‘Mary’ (2019) Review

“Evil needs a body to exist. The body was that boat.”

The opening drone shot of an endless sea with what looks like a boat on fire was incredible. That shot was really powerful for me. The suggestion of devastation and loss is immense. I wish this movie could have lived up to that beautiful moment of cinematography. What could have been a really amazing film, director Michael Goi’s Mary was a cheerless journey on the high seas.

Being in a sailboat out in the middle of the ocean is a terrifying premise all by itself. Once you are out there alone, if something happens, you are stuck with nowhere to go. That is one of the scariest things I can think of. Especially in an ocean that happens to be full of sharks. But Mary is no shark tale; it’s about a sailboat possessed by an angry entity, and I wouldn’t wish being trapped aboard a haunted boat on anyone.

I loved the idea and it truly seemed like Mary could be a great story. Add in a sea witch who wants to steal your family’s souls, well that’s pretty awesome. But something happened on the trip and they literally lost the wind in their sails. Even though I liked it in many ways, Mary was, unfortunately, one of my biggest disappointments this year.

I am a huge fan of Gary Oldman and Emily Mortimer has been really good in the films I’ve seen her in, so they honestly drew me towards wanting to see the film. They did not disappoint; most of the actors brought their best to this film, but I think the problem was that there was just not enough story for them to work with.

The very first scene gives us a poem about a sea witch, and that poem gives us the premise. Add in the fact that then they immediately proceed to tell us who lives and dies, then all that was left to show us, was the how.

Synopsis: David (Gary Oldman) is a struggling ship captain working in an unsatisfying job just to make ends meet. When he buys the seemingly perfect boat to captain himself, the family’s first journey becomes a nightmare.

David desperately wants a new ship. He is not happy working on a tour boat for someone else. At an auction, he is oddly drawn to a creepy old sailboat off to the side. One that we had just been shown was recently found abandoned at sea. It is ancient, weathered and damaged, plus is complete with a nude female masthead that gave me chills. It wasn’t a good decision, but something or someone speaks to David and seems to want to possess him, so he is compelled to buy the menacing vessel.

His wife Sarah (Emily Mortimer) is not happy with the purchase but knows that her hubby needs to be his own captain. She agrees to get a huge loan and prep the boat to take it out with the family for a short trial run.

The journey, seen as horrific flashbacks in Sarah’s memory as she is telling the story to the police back in Florida, paints a very grim tale. Unless she can convince the police there was a witch haunting the boat, and that she was killing them off and heading them towards the Bermuda Triangle, Sarah is up for serious murder charges. Making them understand that the “boat did it” was very daunting. As Sarah explains, “Evil needs a body to exist. The body was that boat.” I’m pretty sure they weren’t convinced.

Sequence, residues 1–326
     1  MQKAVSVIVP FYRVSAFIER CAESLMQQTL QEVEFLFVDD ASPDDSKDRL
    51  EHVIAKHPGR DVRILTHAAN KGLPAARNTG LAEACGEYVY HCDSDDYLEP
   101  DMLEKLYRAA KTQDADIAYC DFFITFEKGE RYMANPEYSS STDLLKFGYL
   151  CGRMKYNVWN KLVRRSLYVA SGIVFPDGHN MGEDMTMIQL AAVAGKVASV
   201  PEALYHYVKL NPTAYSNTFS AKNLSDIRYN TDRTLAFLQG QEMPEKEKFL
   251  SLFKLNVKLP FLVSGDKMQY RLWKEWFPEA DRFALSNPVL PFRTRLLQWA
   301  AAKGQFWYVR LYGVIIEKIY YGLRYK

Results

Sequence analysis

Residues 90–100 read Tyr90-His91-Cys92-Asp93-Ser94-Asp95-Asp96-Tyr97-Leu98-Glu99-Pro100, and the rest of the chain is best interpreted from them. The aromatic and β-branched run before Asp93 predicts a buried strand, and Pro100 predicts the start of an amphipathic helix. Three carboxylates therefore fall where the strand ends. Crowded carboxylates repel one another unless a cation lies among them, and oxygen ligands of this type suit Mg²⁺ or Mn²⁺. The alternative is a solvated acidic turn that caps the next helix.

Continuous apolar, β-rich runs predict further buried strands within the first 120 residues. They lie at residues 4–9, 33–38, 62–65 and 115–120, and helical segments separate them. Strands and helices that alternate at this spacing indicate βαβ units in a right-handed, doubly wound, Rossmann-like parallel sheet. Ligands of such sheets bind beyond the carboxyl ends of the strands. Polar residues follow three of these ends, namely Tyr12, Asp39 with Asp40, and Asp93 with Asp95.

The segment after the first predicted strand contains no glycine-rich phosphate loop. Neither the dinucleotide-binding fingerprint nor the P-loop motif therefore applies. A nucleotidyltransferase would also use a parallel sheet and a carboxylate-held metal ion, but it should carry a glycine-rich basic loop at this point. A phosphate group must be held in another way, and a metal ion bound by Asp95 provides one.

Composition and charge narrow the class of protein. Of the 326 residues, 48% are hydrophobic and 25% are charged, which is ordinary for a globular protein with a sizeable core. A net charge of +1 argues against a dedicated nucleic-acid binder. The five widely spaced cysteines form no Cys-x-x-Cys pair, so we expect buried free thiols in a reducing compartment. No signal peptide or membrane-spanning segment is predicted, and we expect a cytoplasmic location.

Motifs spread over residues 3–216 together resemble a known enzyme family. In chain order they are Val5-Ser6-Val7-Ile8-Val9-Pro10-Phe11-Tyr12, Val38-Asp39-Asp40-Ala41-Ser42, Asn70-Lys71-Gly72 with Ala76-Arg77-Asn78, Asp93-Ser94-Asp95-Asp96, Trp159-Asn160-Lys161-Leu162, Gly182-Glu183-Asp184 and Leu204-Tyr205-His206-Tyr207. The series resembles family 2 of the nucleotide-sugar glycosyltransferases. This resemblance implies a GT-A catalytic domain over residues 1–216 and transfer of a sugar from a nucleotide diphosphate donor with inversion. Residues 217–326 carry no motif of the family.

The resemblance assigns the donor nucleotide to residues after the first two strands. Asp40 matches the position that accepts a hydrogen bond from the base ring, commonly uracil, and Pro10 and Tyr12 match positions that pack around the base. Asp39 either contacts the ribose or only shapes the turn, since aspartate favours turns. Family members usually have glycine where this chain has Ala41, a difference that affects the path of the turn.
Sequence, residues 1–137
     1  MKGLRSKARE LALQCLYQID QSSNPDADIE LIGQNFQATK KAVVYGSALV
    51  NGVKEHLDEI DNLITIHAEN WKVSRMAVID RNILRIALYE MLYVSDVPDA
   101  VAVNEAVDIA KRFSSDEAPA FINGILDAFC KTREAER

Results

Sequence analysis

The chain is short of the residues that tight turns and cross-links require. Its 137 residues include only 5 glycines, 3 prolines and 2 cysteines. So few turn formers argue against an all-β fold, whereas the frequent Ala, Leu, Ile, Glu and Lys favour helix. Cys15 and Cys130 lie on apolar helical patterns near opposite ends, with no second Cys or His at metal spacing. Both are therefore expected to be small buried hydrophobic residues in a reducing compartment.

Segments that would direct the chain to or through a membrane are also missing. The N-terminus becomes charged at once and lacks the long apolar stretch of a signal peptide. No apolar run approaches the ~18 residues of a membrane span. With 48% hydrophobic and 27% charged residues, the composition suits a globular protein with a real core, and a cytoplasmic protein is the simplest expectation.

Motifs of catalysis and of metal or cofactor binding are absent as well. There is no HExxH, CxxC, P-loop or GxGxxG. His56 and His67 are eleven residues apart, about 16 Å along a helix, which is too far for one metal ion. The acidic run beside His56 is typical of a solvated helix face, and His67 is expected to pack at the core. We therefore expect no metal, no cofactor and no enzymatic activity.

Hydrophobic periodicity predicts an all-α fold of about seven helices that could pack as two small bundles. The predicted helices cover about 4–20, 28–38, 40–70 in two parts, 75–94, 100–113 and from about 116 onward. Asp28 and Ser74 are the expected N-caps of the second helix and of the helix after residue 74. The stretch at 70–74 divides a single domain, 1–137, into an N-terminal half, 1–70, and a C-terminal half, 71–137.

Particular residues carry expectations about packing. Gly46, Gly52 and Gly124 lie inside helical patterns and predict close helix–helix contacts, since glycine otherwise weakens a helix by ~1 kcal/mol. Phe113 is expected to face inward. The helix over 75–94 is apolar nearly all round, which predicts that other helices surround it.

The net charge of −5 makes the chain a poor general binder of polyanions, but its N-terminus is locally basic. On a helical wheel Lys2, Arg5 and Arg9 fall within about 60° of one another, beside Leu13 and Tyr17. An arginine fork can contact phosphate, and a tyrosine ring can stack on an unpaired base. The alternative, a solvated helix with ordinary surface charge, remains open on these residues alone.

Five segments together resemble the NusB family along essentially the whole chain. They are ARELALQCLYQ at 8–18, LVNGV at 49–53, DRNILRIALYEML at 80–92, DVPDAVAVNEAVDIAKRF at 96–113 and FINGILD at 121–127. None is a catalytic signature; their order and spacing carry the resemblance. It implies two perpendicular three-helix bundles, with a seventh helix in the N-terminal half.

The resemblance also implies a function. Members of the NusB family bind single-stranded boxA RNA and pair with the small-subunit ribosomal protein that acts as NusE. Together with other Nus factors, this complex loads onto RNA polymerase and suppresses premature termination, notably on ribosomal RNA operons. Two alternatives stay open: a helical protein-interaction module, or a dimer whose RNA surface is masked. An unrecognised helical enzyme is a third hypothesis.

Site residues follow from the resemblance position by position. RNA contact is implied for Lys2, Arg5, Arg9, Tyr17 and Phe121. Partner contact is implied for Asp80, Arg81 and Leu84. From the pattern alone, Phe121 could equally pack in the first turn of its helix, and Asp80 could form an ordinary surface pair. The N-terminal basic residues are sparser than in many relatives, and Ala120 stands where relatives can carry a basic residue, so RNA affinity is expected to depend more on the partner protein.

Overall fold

One of the things that worked for me was the acting. Alongside our two leads, daughters Lindsey, (Stefanie Scott) and Mary, (Chloe Perring) Lindsey’s boyfriend Tommy (Owen Teague) and first mate Mike (Manuel Garcia-Fulfo) did a superb job, and I feel like the actors are the reason this film stayed afloat. (See what I did there?) Even though he was not in this film for long, Owen Teague’s performance was a standout for me.  He was great in the recent IT and I can picture him being a huge genre movie star in the future.

The cinematography was top-notch, probably because director Michael Goi is also an award-winning cinematographer. Shot on film, it was a good-looking film, and the camera work was terrific. The tiny boat on a wide and empty sea was terrifying for a landlubber like me, and the shots inside the boat were perfectly claustrophobic. Even though the boat seemed bigger on the inside than it could have been in real life.

If it looked pleasing, and the acting was excellent, why was I disappointed? First off, I was waiting throughout for the siren who obviously seduced David into buying the boat, to take him over. But the only negative action from him was the random comments that lead us to know that Sarah had recently had an affair. This part of the story was not really developed and made me wonder why it was even there. I’m not a fan of watching couples argue about their marital problems.

But, I think the main problem for me was that they gave too much info out in the first few minutes. I didn’t have anyone to worry about since I knew much of the story up-front.

Mary is a decent, nautically themed, supernatural thriller, and if you are fans of these actors, it is not a waste of time. But I hope the filmmakers learned for the next one, not to share so much right in the beginning and give the audience a chance to think for themselves. The ending was a cool twist, but not a huge reveal like it could have been.

Mary is available on DVD and Blu-ray
November 26, 2019 from RLJE Films

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